On August 24 in the year 79 AD, one of the most famous natural disasters in history struck the Ancient Roman city of Pompeii, and its surrounding area.
We have an eye-witness account from Gaius Plinius Caecilius Secundus, whose letter to Roman historian Tacitus vividly describes how the eruption of Mount Vesuvius rained down hot, black cinders and smoldering ash onto the towns below.
Pompeii was buried in about six meters of volcanic ash, and the town’s inhabitants were frozen in time in the exact positions that they stood when they died.
Curiously, despite the volcano nearly wiping out the nearby civilizations, the Ancient Romans rebuilt more towns at the foot of the volcano.
Yet unsurprisingly Vesuvius continued erupting.
The eruption of 472 AD was so severe that volcanic ash fell as far away as Constantinople, over 1,000 km away.
Forty years later the eruptions were so damaging that surviving locals were exempted from taxation.
Mount Vesuvius has barely let up since ancient times, erupting 12 times in the last two centuries alone.
Italian officials are now starting to sound the alarm bell, suggesting that Vesuvius could erupt again, this time endangering the 3+ million inhabitants of nearby Naples, and especially the 600,000 inhabitants within the volcano’s danger zone.
I can’t help but see the obvious parallels in our modern financial system.
This system almost came crashing down eight years ago under the weight of so much stupidity and debt.
Bank balance sheets were stuffed full of worthless garbage, like giant pools of no-money-down mortgages and home loans made to dead people.
Central banks have also been blamed for keeping interest rates far too low for far too long, spurring excessive and idiotic financial excess.
Governments also had a major role to play in the crisis, completely abandoning all fiscal discipline and going deeply into debt.
And consumers fanned the flames by overextending themselves and running up record levels of personal debt.
Yet after the great eruption of the financial system in 2008, the Romans of our time made the most bizarre decision to rebuild at the foot of the volcano.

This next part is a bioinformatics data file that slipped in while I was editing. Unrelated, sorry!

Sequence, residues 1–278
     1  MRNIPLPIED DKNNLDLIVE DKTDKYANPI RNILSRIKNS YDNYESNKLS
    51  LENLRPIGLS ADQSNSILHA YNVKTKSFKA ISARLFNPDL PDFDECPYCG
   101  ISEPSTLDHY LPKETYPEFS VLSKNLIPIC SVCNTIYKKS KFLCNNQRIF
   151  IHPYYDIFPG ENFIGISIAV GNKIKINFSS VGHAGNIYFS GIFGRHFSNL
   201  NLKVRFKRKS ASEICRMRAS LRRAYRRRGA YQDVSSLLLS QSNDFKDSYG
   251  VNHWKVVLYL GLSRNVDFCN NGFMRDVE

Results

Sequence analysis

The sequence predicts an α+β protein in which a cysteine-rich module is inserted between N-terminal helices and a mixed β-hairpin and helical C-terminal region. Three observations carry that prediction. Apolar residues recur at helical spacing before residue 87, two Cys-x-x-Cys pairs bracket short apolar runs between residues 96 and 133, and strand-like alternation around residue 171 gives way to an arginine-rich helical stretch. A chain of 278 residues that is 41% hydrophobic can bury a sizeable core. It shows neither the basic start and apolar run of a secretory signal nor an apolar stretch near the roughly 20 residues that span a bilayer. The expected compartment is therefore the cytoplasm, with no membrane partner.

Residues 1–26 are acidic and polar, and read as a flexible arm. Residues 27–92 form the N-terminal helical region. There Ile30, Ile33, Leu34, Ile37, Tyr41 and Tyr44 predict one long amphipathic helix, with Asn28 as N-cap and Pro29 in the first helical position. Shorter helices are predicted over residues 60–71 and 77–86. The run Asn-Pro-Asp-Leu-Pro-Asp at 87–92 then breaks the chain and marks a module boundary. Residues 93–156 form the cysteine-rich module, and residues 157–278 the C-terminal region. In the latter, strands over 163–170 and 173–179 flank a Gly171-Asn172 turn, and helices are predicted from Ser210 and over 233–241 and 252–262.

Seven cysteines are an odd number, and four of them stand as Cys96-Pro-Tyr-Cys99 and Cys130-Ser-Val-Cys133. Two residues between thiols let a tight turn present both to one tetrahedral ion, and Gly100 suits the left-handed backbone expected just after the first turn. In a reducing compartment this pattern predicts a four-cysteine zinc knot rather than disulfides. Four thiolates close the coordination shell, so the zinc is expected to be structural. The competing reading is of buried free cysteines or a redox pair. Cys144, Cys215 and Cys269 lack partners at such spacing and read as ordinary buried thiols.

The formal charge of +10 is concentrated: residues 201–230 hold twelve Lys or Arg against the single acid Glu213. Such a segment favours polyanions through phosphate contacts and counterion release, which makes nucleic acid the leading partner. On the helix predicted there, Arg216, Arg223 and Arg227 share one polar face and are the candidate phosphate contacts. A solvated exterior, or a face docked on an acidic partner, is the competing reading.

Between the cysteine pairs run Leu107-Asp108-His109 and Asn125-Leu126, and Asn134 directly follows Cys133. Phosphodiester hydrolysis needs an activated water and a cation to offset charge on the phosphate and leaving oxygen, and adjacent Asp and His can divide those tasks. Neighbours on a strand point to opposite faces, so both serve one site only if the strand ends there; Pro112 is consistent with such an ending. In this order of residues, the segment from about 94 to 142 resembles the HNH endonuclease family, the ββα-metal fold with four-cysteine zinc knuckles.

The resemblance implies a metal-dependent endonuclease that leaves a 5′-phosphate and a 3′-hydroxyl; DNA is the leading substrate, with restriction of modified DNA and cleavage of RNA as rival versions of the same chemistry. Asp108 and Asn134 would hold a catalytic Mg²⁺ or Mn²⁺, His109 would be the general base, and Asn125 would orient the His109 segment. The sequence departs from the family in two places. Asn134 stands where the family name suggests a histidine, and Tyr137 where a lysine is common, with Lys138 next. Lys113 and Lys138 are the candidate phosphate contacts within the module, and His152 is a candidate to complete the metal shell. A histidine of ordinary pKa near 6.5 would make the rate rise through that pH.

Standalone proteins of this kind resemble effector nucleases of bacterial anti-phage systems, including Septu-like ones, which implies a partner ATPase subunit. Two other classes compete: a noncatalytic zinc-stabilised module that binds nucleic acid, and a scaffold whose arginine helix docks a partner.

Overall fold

They ‘fixed’ a financial cataclysm caused by too much debt, and interest rates that were too low, with even more debt, and even lower interest rates.
In other words, they’ve done the exact same things that caused the first crisis, but in far greater volume.
Yet somehow they expect a different result.
No one, of course, knows precisely WHEN Mt. Vesuvius may erupt again. Or when the next financial eruption will occur.
But researchers can certainly monitor geological activity to look for warning signs.
Plus people living within the danger zone can take some sensible steps to ensure they’re ready in case an eruption should occur.
So can we. And when you look around the financial system, those warning signs are everywhere.
Just in the last few days we’ve seen that corporate bond defaults are at the highest level since 2009.
The Italian Finance Minister is publicly acknowledging that Italy’s banking sector is woefully undercapitalized.
Many trade statistics, including railroad cargo and airfreight volumes, sea freight rates, and the World Trade Monitor index, signal drastically reduced global trade.
The Federal Reserve, on a mark to market basis, is now completely insolvent.
And at least one veteran central banker has forecast an ‘avalanche of bankruptcies’ and suggested that central banks no longer have any remaining ammunition to fight off a financial crisis.
These are all rather obvious, recent indications that the next eruption may be approaching.
Fortunately, moving out of the danger zone doesn’t need to be complicated.
If your banking system is pitifully illiquid or even undercapitalized, don’t keep all of your savings there. Simple.
It’s 2016. Today it’s possible to move some savings to a stronger, more stable jurisdiction overseas, all without leaving your living room.
You can establish an account to hold precious metals, or even physical cash, in one of the safest depositories in the world, all while you’re sitting in your underwear.
The breadth of opportunities that we have available to us thanks to our modern technology is extraordinary.
And these are solutions that make sense no matter what happens.
I hardly consider myself worse off because I produce my own organic food.
Or because I have multiple passports allowing me to live, work, travel, and invest easily in dozens of places across the world.
Or because I hold a portion of my savings at an incredibly well-capitalized bank in a jurisdiction with no debt that has never had a banking failure ever.
Financial crises and eruptions have occurred over and over again since ancient times.
Governments and policymakers keep making the same mistakes and expecting different results.
But you and I now have more options at our disposal to do something about it than ever before in history.
This is exciting, and taking action should be a no-brainer.